Loic Remy will stay with Newcastle next season

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Is adopting the Liverpool approach our best chance?

Date: 15th May 2014 at 6:31pm
Written by Christy Malyan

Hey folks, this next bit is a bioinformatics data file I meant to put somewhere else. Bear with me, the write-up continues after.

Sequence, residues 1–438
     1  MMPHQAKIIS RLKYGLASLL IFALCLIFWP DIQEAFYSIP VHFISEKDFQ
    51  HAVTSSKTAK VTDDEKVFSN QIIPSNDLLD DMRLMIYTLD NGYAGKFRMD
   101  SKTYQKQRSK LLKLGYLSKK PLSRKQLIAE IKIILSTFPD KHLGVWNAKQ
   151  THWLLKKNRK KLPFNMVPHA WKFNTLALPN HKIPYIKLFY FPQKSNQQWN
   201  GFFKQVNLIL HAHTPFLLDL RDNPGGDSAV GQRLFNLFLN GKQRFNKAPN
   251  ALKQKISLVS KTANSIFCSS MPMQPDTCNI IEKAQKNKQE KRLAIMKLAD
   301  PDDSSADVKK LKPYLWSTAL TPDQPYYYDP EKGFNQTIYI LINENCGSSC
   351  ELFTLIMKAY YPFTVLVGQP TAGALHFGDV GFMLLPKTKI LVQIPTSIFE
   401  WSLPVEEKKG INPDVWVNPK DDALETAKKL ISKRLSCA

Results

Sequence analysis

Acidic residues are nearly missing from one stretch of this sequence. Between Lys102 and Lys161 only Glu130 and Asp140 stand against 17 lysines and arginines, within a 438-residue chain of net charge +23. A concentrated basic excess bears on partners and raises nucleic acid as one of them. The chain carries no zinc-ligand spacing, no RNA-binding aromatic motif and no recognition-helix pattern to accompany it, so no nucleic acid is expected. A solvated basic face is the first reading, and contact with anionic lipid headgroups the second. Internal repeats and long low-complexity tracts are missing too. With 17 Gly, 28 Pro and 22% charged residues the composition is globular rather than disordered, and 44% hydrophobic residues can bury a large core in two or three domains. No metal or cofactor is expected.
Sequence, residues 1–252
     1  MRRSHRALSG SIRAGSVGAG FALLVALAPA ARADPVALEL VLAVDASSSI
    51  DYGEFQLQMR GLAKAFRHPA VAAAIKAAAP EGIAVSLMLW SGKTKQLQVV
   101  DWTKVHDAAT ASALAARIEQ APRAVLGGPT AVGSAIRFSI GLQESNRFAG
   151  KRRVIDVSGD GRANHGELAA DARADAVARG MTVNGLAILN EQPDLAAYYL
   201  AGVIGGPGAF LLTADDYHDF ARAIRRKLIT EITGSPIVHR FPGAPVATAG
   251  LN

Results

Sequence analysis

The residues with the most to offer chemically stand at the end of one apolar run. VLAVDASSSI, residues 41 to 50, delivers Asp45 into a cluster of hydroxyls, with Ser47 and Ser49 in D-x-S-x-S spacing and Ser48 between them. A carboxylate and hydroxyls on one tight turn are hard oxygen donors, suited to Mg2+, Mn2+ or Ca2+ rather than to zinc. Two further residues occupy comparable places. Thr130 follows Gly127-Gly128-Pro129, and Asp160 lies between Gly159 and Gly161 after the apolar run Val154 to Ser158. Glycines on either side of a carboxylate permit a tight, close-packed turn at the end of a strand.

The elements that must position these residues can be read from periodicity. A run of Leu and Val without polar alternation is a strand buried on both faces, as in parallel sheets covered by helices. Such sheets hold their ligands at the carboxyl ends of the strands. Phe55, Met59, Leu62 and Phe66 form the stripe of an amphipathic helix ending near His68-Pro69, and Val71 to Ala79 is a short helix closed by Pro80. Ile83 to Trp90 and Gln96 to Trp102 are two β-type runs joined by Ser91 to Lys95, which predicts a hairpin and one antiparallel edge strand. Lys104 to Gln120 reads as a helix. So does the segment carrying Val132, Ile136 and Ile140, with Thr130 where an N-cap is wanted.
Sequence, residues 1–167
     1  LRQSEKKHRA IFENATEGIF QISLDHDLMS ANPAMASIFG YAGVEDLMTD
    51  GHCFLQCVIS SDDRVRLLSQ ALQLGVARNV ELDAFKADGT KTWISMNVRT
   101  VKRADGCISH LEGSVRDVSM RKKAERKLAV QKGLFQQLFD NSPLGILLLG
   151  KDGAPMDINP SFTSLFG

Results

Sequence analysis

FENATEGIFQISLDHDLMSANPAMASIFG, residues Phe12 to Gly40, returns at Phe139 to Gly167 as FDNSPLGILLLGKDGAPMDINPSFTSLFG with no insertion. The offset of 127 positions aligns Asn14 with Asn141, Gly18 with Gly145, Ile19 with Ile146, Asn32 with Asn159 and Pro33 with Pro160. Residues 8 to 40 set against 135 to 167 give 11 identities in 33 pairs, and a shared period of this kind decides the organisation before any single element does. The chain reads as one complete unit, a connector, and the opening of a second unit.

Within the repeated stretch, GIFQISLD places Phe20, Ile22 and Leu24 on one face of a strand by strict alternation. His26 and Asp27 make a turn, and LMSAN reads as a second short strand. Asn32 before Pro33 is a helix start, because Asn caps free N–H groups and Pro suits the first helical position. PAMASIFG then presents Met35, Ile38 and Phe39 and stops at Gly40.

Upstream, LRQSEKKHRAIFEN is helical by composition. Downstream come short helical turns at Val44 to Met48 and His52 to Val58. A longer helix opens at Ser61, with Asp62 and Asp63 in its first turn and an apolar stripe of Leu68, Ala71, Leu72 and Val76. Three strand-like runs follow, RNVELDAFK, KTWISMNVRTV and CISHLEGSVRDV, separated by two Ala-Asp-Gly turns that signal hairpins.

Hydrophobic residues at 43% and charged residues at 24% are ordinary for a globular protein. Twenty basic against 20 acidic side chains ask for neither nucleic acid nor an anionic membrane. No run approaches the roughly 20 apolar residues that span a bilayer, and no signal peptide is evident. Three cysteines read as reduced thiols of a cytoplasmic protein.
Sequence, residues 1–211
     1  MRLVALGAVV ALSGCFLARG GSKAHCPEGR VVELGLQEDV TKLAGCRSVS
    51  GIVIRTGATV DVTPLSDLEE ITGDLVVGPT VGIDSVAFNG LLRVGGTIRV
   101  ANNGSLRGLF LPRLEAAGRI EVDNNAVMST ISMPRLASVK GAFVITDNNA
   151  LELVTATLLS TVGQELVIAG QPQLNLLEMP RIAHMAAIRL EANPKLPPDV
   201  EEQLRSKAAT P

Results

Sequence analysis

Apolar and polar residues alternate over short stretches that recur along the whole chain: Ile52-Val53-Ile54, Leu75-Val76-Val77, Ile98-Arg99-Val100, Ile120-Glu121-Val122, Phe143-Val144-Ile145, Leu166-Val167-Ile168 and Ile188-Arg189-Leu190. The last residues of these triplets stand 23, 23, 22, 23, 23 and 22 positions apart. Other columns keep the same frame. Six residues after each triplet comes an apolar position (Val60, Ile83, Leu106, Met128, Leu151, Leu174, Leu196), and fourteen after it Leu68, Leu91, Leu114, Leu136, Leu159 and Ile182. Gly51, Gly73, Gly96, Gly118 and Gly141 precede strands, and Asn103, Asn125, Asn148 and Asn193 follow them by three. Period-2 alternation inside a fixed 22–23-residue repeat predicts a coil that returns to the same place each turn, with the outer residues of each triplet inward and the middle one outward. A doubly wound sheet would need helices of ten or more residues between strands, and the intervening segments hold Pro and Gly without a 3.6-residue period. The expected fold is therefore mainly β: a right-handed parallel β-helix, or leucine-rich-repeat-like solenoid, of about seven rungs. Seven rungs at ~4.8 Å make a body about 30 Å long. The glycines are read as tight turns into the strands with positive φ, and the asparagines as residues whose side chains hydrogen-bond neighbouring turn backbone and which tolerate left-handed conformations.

The England national team hardly boast an illustrious history of philosophical experimentation at World Cups. In fact, it took us until Fabio Capello's appointment in 2008 to realise that a flat 4-4-2 didn't work at international level. Spain on the other hand, had already evolved their passing game to not including a recognised striker, echoing in the era of tica-taca and false nines. Yet, with the revolution of youth the flavour of the month, typified by the inclusions of Raheem Sterling, Luke Shaw, Alex Oxlade-Chamberlain and Jordan Henderson into Roy Hodgson's 23-man World Cup squad, and England's chances for the tournament written off by Greg Dyke's cut-throat gesture back in December,  if there was ever an opportunity to venture outside the entrenched tactical conventions of English football, it's undoubtedly Brazil 2014. The breakaway from formational tradition I'm alluding to is the adoption of Liverpool's diamond midfield, a system which has got the best out of Steven Gerrard, Jordan Henderson and Raheem Sterling this season and subsequently driven the Anfield outfit to runner-up status in the Premier League. Admittedly, it's an enormous deviation from Three Lions norm - conventional wingers are ingrained into the history of English football and have always been a tactical focal point of the national team. Yet, where has this tradition actually got us? England haven't won a major tournament for nearly half a century, and looking at the country's most recent crop of widemen it's not difficult ... Read More


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